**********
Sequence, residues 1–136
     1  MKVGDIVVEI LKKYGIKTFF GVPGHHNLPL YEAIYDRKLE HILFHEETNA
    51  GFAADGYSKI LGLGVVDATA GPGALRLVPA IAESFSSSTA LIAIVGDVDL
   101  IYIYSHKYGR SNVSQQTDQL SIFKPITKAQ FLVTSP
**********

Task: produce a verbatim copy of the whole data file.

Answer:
Sequence, residues 1–136
     1  MKVGDIVVEI LKKYGIKTFF GVPGHHNLPL YEAIYDRKLE HILFHEETNA
    51  GFAADGYSKI LGLGVVDATA GPGALRLVPA IAESFSSSTA LIAIVGDVDL
   101  IYIYSHKYGR SNVSQQTDQL SIFKPITKAQ FLVTSP